and I am a driver. You've heard of a slave-driver? Well I pay my people but I drive them very hard. So I get things done. I'm really a manifester. I just happen to do all my manifestations outside in nature. That's cool. He really is. So soil and...oh, go ahead Jo. I wanted to ask a couple expert questions. Uh oh, here we go! We had some write-in questions. I'm looking right now real quick since you mentioned that. The best way to get grubs out of vegetables? So I love gardening too and I'm doing school gardens and backyard gardens with little friends and things like that and doing little... OK, by the way, hey! You're diminishing yourself right now. My cat's even getting stirred up. I'm very upset. Sorry. Ahmad, she's a really... She just won like volunteer of the year over at the school She's transformed her daughter's school. Good for you. Aw, thank you. You're kind of a bigwig around there. So don't downplay it girl! Girl! And what you have to do, Joelle - you have to figure out who is your next predecessor. Who's going to come after you to do this. Because what happens with school gardens is people like you that are very dynamic come in and do all this stuff and then your kids move on. And then they're like, "Well, there went the garden." I know. Luckily we have a great team there at the school. So there's a big group of people helping running it. There's a teacher behind it, which makes all the difference in the world. Shout out to Nancy. But it's turning into a movement in our school district. So we're going to go to the board and try to get money to pay these people because it's all volunteer-run right now at all the schools. And it's such an important part. It's science, it's nutrition, it's livelihood, you know? Especially in urban areas. If you don't keep your kids active outside and understanding nature, I'm sorry, you're screwing them up. They're just going to be clueless. You really are. You know those are the things that I remember the most as a kid too, was like seeing the butterfly turning - you know, the cocoon. Those are the things that are important. Yeah. Natural processes. And kids need to get grounded. They need to get their hands in the dirt and get away from these electronics literally. Yeah. Kids have to pee outside, okay? They do! Like I had my girls working on a job site yesterday. We were doing burn piles. They're like, "Dad I gotta go pee." I pulled out..I'm like, "Here's a napkin. Go behind the barn." Figure it out! And my youngest she had no issue, right? And then she's like, "What I do with the paper?" I'm like, "We're burning piles. Won't you throw it in the fire?" Or compost it. Bury it. And my middle daughter was like, "I feel so dirty when pee outside." And I'm like, "That's interesting because every other animal pees outside and I don't think they feel dirty." Right. I said, "I actually like it. I love to not have to flush that." Like why am I flushing water behind my urine? It's true. I know. Pee on a plant. Fertilize it.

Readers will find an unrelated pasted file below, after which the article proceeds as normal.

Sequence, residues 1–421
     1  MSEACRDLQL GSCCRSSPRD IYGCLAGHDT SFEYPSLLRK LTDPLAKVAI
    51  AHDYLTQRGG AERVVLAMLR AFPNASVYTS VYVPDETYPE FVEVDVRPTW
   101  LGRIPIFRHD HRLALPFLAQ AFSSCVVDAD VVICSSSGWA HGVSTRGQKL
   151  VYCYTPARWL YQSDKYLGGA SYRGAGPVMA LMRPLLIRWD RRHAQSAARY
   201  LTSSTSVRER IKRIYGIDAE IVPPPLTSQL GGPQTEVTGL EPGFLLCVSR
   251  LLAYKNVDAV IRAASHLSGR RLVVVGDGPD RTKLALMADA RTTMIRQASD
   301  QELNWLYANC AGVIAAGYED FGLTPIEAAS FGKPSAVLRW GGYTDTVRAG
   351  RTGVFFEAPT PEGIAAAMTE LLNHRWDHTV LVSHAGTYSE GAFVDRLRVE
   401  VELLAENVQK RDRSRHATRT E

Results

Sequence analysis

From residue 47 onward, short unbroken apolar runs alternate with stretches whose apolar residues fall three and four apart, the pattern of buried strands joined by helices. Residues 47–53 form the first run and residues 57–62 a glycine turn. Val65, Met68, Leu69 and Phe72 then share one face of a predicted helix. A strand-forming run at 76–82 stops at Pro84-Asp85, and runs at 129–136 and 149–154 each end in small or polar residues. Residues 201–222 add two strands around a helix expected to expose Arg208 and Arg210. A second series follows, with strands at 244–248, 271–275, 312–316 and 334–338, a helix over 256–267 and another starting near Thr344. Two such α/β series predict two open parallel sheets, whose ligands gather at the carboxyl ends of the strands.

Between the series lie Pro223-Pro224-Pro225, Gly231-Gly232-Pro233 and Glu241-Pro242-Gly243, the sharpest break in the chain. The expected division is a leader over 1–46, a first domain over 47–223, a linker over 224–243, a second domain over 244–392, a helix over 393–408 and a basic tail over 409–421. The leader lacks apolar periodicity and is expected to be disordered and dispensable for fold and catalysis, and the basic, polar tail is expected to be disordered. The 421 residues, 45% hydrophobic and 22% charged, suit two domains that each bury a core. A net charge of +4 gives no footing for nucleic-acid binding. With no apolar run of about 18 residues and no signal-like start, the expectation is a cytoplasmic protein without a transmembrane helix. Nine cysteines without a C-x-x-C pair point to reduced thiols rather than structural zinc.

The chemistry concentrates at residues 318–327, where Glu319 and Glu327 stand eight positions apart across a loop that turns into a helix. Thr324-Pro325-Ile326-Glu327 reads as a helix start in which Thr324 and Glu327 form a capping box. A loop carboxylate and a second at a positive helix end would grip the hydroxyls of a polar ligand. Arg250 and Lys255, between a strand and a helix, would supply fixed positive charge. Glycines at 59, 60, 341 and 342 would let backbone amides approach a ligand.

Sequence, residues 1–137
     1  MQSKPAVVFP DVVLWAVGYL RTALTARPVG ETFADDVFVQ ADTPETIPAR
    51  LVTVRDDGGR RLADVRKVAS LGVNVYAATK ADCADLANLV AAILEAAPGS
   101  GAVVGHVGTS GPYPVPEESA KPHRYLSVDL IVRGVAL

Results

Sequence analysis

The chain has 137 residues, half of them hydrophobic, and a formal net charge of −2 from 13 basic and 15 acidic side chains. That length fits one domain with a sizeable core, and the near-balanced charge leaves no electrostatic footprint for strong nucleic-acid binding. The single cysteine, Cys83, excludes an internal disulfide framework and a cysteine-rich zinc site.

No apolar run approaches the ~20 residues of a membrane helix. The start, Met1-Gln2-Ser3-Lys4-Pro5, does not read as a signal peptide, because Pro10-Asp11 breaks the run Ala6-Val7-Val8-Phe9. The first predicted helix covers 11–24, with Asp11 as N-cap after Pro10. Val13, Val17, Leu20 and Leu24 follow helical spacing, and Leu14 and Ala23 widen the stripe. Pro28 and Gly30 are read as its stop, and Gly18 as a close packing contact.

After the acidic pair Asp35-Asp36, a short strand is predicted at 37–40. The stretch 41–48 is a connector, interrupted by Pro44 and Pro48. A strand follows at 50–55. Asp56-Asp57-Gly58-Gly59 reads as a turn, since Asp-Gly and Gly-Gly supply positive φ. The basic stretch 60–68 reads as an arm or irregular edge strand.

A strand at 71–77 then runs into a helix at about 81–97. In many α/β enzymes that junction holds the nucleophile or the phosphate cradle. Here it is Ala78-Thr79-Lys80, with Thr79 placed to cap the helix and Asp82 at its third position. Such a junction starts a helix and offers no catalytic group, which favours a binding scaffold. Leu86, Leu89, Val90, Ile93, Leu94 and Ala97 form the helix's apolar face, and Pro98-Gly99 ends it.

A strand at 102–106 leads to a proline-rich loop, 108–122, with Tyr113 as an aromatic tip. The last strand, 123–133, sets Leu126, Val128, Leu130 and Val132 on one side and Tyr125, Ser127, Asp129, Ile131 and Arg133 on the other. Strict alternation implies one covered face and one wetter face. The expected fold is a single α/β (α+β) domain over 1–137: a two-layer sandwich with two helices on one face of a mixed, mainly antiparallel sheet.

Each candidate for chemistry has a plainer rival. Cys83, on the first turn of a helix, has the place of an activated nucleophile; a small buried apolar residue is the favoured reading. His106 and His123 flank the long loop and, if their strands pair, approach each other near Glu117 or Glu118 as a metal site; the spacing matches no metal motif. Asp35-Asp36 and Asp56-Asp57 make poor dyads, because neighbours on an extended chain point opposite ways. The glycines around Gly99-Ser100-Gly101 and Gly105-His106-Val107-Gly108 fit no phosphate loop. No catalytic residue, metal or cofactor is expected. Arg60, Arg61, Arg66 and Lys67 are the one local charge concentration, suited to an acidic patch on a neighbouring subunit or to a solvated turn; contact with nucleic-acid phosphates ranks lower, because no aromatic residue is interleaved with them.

But let's get back to the white grubs. Yes grubs. I know. Okay. So white grubs are a challenge for any garden because they eat the roots of your plants and then they undermine your plants and then your plants just fall over and die. They don't typically kill the plants but they make the plant so weak. And then what happens is the grub's natural predator are raccoons predominantly. So raccoons can actually hear the grubs underneath grass or plants. And they'll hear them munching on the roots and then the raccoons will dig up the plants. Screw the plants. They're like, "We want the grubs." So then they're going to eat the grubs. So what you can do is you can practice your IPM -  your Integrated Pest Management - and you can dig up grubs, pluck them out of the soil, eat them yourself. Gross! That's one choice. Or you can pluck them out of the soil and you can kill them to get rid of them. But I don't know a and a natural organic means of getting rid of white grubs. I do know that there's a chemical called imiticloprine. If you look up 'the control of white grubs'. If you use the word 'control - the control of white grubs' - you'll learn everything you need to know about controlling or getting rid of the white grubs. But you have to look for 'the control of'. And there's a chemical called imiticloprine that you'll have to use. And imiticloprine is not organic. It is a chemical and it works and kills the larvae of the white grubs. And then the adult grubs will die off because they only live for a short period of time and then they just die. So you have to kill the larvae so you don't have all these babies. And you could kill them with the chemical early on, and then you can manage organically after that and keep a healthy soil system. But I don't know to start off, how do you get rid of grubs naturally other than literally dig them up, cultivate the soil, and always go on a grub hunt. Yeah unfortunately. It could be fun for the kids.